We also helped the church encourage some of the local village churches. Ben was able to share a word God had spoken to him about someone there that night, and when he was finished a man came forward and publicly gave his life to Jesus!
I was able to ride on the back of Laban's motorcycle (the pastor) out into the country to a village the church had spoken in earlier that week. At that time, a woman there said she was being "tortured by an evil spirit". When prayed over in the name of Jesus, she said the spirit left her and she wanted to give her life to Jesus. Upon our visit she had stripped her home of all its idols and whitewashed the walls. She wanted us to pray for her home and her family as they put their trust in God alone.
Each of the villages that the church ministers to has one person from the church that lives there. One of these men, Solomon, has a huge hole in his tin roof where the water pours in and runs through his home every time it rains. The hole has been there for 6 years now because every time he has some extra money, he gives it to the widows in the village for food. I've never met anyone so selfless. That's what many of the people we met here are like.
We also brought with us some audio-recording devices that play the New Testament in Tamil and Kannada and run on solar power (for those who can't read and don't have electricity). The widows of the village who had already received one would get together and listen to the 'black box' every Monday. One of these women (in the pic) gave her life to Jesus after listening to the words. The others gave their lives to Jesus while we were there!
(Picture: Pastor Laban, Solomon, and some of the widows)
There's a lot more to say, but overall we are really thankful for the encouragement of this church and for allowing us to be a part of what they are doing.
Ben wearing a lungi- I think he looks pretty good, don't you?
In ending about KGF, here's a little piece of Indian culture for you:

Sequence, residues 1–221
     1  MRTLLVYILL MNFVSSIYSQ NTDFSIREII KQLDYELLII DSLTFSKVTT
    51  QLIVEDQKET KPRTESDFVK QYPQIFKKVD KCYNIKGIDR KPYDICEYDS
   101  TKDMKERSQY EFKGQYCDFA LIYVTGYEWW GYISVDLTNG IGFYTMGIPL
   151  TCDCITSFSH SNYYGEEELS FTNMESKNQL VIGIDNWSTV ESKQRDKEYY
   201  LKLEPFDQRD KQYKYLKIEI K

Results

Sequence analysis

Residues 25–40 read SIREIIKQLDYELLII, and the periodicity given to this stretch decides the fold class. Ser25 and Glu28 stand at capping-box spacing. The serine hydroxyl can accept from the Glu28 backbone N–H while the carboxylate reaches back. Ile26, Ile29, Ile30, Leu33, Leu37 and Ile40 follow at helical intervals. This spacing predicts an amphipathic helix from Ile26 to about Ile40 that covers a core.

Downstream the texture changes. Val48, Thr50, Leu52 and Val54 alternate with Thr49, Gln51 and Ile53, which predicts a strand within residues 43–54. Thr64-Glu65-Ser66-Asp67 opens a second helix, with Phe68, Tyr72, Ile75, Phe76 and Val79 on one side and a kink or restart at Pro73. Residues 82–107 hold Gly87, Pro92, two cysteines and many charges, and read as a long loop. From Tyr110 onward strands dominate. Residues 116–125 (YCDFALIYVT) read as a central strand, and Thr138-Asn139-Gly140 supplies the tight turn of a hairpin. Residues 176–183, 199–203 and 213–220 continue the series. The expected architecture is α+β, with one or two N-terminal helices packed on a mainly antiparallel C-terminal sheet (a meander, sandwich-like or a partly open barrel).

The train stop at the town we were staying does not allow reserved seats and the train is always packed, so Arvind had two of his friends ride from the previous stop to save seats for us. When the train came we quickly found them in a window and Ben and I struggled to push our way inside the train. It was so packed that we couldn’t get through before the train took off, so we passed our bags over everyone's heads to the friends, and then we climbed up over the seats. The two men then climbed over and pushed their way to the door to get off (but didn’t make it before the train left) so they jumped off the moving train and waved goodbye to us from the street. On the ride home I held a baby for a standing woman, and Ben held a little boy, who's first word (pointing to Ben's arm) was "White?"
We also returned from our trip to Thailand. We went there to renew our visa (it's one of the countries closest to south India), but we took full advantage of the trip and enjoyed biking around Chiang Mai and seeing Thai culture. We flew into Bangkok but spent almost all our time in Chiang Mai, a northern city. Ben's dad had been there the previous week on a medical mission trip, so it was a perfect opportunity for him to leave us some things we needed. Chiang Mai was perfect. Beautiful, not intimidating, and authentic. The Thai people are so approachable and friendly, laid back, and hospitable. Many of the people we met had hilarious personalities. To make it even better, the food is so good. You can step outside your door and buy any type of food imagineable in fresh markets (which were ultra clean). We loved our time in Chiang Mai.
(the Grand Palace in Bangkok)
When we came back to the home, there was an adorable new member of the household! 4-year-old Vetry was taken in after his mother committed suicide (in front of him) by pouring kerosene over herself and lighting a match. He is a wild child, but a real cutie. It's fun to see him start to learn English words as he only speaks Tamil. Last night, he told Tammy that he was having horrible nightmares at night and was being visited by demons (every time he slept he would wake up afraid/crying). Not sure what was going on, everyone prayed over him for the nightmares to stop. He slept perfectly last night, and said that "Jesus came and helped him". Isn't that awesome?
We'll be saying goodbye to India and leaving for America next week. Please pray for us as we have some big, specific needs and uncertainties.
We can't wait to see you! Signing off from India (but not from blogging)....